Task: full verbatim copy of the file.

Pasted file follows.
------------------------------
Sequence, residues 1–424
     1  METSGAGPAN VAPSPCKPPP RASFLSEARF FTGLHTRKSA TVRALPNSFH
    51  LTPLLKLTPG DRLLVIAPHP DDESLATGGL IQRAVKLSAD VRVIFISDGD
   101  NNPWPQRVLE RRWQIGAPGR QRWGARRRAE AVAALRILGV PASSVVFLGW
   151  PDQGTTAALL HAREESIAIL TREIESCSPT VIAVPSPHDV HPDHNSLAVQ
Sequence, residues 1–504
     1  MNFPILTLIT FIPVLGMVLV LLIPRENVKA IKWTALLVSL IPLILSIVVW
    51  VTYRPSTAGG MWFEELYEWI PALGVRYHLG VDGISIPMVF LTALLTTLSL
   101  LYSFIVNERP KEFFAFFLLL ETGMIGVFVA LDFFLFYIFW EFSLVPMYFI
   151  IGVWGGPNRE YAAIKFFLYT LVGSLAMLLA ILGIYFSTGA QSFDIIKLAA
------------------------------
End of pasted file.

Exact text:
Sequence, residues 1–424
     1  METSGAGPAN VAPSPCKPPP RASFLSEARF FTGLHTRKSA TVRALPNSFH
    51  LTPLLKLTPG DRLLVIAPHP DDESLATGGL IQRAVKLSAD VRVIFISDGD
   101  NNPWPQRVLE RRWQIGAPGR QRWGARRRAE AVAALRILGV PASSVVFLGW
   151  PDQGTTAALL HAREESIAIL TREIESCSPT VIAVPSPHDV HPDHNSLAVQ
Sequence, residues 1–504
     1  MNFPILTLIT FIPVLGMVLV LLIPRENVKA IKWTALLVSL IPLILSIVVW
    51  VTYRPSTAGG MWFEELYEWI PALGVRYHLG VDGISIPMVF LTALLTTLSL
   101  LYSFIVNERP KEFFAFFLLL ETGMIGVFVA LDFFLFYIFW EFSLVPMYFI
   151  IGVWGGPNRE YAAIKFFLYT LVGSLAMLLA ILGIYFSTGA QSFDIIKLAA